Sunday, October 31, 2010

15 years old farewell

Everybody knows that Japan is an island nation. But we sometimes forget that, because the main Honshu island is so large.
Recently I flew to the Kozu island off Tokyo bay from the Chohu airport. A 35 minutes flight took me from the heat of metropolitan Tokyo to the cool breeze of the island. From island to island, literally. But we sometimes forget the former is one.

The Isu islands, the Kozu island being one of them, are united in proud isolation. Every two years they hold Parents and Teachers Association meeting. I was invited to give a talk. I always say that I cannot resist an island invitation, again forgetting that I live on one.

The island children grow up in a cozy atmosphere. There is only one class, and each one of them knows their classmates by heart. When they reach the age of 15, however, they have to say goodbye to the island, as there are no senior high schools. It is called the “15 years old farewell”. They have to live separately from the parents, and study on the mainland (which is again an island, but we forget that.)

These children say goodbye to the familiar and cozy in the spring of the 15th year. When I heard this story from an experienced educator, my heart felt a sweet pain. Maybe that is the destiny of all Japanese people, as we jump into globalization. We should not forget about the 15 years old farewells.

Life on an island. The Kozu kids displaying their festive dance.


Pupa said...

That's an interesting viewpoint !

Perhaps continents themselves must be islands from the point of view that they are surrounded by waters. But we forger that.
And the earth itself is one of islands that float in the ocean called the universe. But we forget that,too.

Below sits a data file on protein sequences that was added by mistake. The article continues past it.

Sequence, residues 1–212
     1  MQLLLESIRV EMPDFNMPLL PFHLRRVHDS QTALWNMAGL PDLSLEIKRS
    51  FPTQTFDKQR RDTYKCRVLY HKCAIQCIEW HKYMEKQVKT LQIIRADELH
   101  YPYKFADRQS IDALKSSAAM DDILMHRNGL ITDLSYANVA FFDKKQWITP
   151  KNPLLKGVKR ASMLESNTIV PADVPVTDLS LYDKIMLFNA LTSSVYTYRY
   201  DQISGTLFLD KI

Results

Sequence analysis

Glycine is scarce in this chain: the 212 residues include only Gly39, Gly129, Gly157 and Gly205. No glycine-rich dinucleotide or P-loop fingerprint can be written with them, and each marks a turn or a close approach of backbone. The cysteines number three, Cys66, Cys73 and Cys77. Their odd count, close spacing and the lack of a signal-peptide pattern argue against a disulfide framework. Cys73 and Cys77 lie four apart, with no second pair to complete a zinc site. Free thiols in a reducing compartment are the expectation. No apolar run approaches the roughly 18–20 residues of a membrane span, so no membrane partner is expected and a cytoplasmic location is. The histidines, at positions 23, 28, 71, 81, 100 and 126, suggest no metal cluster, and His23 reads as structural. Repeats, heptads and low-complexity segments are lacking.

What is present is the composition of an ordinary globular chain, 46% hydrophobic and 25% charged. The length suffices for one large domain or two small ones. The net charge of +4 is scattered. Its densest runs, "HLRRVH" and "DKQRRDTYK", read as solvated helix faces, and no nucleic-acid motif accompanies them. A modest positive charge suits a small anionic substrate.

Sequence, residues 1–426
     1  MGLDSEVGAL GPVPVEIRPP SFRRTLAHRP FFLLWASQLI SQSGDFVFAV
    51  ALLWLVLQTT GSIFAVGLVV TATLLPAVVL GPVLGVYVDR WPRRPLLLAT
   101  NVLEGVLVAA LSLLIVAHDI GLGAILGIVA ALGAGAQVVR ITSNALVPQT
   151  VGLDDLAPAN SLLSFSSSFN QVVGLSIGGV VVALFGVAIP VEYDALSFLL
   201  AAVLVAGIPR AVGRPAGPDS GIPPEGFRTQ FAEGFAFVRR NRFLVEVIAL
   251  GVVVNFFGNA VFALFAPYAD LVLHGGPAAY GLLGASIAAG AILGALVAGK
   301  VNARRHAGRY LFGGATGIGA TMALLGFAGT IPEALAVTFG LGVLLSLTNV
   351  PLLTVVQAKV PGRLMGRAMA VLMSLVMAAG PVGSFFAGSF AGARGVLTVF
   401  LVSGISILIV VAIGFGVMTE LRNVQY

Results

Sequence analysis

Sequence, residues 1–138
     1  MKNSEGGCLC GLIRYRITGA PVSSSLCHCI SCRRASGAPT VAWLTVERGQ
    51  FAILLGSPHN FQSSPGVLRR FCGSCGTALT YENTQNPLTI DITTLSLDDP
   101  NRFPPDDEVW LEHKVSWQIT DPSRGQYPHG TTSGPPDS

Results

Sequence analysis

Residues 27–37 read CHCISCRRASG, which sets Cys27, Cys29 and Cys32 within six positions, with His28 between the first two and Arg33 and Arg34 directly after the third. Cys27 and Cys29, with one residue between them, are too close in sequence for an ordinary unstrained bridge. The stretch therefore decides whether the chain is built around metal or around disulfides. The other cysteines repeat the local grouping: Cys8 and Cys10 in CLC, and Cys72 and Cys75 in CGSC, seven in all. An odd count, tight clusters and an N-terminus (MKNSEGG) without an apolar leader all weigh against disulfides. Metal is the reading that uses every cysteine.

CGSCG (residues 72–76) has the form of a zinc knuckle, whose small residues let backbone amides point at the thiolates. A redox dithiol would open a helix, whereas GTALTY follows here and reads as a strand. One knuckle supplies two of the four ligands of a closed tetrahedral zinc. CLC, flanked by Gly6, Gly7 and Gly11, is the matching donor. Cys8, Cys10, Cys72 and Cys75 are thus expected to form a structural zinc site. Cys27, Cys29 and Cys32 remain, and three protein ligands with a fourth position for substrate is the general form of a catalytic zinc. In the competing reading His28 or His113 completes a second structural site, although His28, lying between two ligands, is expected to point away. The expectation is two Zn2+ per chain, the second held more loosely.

I experienced 18 years old farewell as there are no universities in my island.
May the 15 year-old boys and girls in Kozu flourish and remember their original source !

Gel said...

hi there, i didn't know that you have a blog, and that you've been blogging since 2004! Wow! that's long, not to mention that you're still keeping this blog active and updated. good job.

i used to watch your show on NHK World (I'm not from Japan) but sadly our cable operator no longer shows "NHK World", just "NHK", meaning, the current NHK channel is in the Japanese language (no English translations), so I no longer understand the things people are saying.

I read some of your posts, and it's interesting that you've mentioned about the problems you're seeing in your home country, like politics, for example. It's interesting for me, because, as an outsider, Japan is the coolest country in the world, in terms of technology, economy, location on Earth, pop culture, etc. I guess, each country has its own problems.

That's it. Just dropping by, best of luck, and good job in maintaining this blog. Keep posting.

yuzu said...

I left my home in Osaka when I was 15 years old. Because I went to hight school and stayed at dormitory in Chiba prefecture. Then I went to England when I was 16 years old for 2 months.
I thought that it was good timing to leave my home.
Of course I and my family are always good relationship.

砂山鉄夫(Tetsu Sunayama) said...

"They have to live separately from the parents"!? How bitter the farewell is!

I hope all of you are warmly welcomed in the world of the future.

maruko247 said...

Indeed, may the 15-year-olds from the island go off into the world and find their calling!

My farewell came at 17, when I left Japan to go to university in the States. I was homesick like you wouldn't believe (for the first couple of months anyway), but it seemed a necessary rite of passage into adulthood.

hiroko said...

Now I'm trying to remember what I was like when I was 15. I didn't like my father because his legs were hairy. (It sounds ridiculous but really was it true. 15 year old girls are like that in "good" way.)

One day, I said something terrible to him and he hit me in the face. I was a teenager going through her rebellious phase. What I said was so terrible that I knew I deserved that even at that time.

I now think what if I had to go away from home to go to high school at the age of 15. That would have been rather happier for me to be away from someone special so that I could have learned something very very important. The bond.

I left my home to go to college in West Virginia when I was 19. I even now appreciate that my mother had let me do that, And I grew. I could learn how precious my family was by not being around one.

Sometimes or always, the most important things come along with something unexpected.